The FBI has joined the poisoned spy probe that's gripped governments from London to Moscow the agency announced Thursday as investigators found traces of radiation at several sites in Britain.

British authorities requested the involvement of the FBI, agency spokesman Richard Kolko said. FBI experts in weapons of mass destruction will assist with some of the scientific analysis, he said.

Meanwhile, the story took another bizarre twist when aides to former Russian Prime Minister Yegor Gaidar claimed that he, too, was intentionally poisoned.

The revelation came as British officials announced they had identified 12 sites showing traces of radiation and were expanding their investigation of flights between London and Moscow to include Russian aircraft.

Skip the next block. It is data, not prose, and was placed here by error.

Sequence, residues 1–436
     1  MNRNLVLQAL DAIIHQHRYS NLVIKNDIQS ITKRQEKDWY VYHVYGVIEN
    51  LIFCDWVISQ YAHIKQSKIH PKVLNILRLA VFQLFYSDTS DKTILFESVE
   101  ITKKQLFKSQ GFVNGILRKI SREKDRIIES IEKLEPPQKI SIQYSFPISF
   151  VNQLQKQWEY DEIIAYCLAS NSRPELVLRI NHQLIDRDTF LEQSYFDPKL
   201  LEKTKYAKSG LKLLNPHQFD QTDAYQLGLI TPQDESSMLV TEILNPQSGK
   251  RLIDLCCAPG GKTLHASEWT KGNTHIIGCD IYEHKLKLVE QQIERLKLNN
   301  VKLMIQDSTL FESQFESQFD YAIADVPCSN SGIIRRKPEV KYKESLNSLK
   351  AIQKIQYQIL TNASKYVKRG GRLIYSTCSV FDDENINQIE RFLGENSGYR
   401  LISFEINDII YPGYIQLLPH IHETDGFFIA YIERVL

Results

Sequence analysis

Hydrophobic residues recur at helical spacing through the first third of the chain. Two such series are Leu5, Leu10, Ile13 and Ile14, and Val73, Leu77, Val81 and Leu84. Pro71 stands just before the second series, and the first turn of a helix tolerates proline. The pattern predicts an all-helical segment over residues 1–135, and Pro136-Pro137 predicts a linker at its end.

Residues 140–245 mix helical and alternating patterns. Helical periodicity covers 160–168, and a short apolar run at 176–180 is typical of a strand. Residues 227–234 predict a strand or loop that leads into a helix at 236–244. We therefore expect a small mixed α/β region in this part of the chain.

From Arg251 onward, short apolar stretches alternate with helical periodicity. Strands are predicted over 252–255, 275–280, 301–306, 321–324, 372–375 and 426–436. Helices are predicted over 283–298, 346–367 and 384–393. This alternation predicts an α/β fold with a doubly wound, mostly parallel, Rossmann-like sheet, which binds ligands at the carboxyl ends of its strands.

Gaidar, Russia's first post-Soviet premier under Boris Yeltsin, fell ill at breakfast last Friday in Dublin, Ireland, just a day after former KGB agent Alexander Litvinenko died from radiation poisoning.

"I went up to him. He was lying on the floor unconscious. There was blood coming from his nose, he was vomiting blood. This went on for more than half an hour," his daughter Maria said.

The 50-year-old former prime minister, who has been a mild critic of current Russian President Vladimir Putin, was rushed to a local hospital where he remained unconscious for three hours.

One of Gaidar's aides, Valery Natarov, said that doctors treating him at a Moscow hospital, where he appears to be making a recovery, believe he was deliberately poisoned.

"Doctors don’t see a natural reason for the poisoning and they have not been able to detect any natural substance known to them," Natarov told the Times of London. "So obviously we’re talking about poisoning [and] it was not natural poisoning."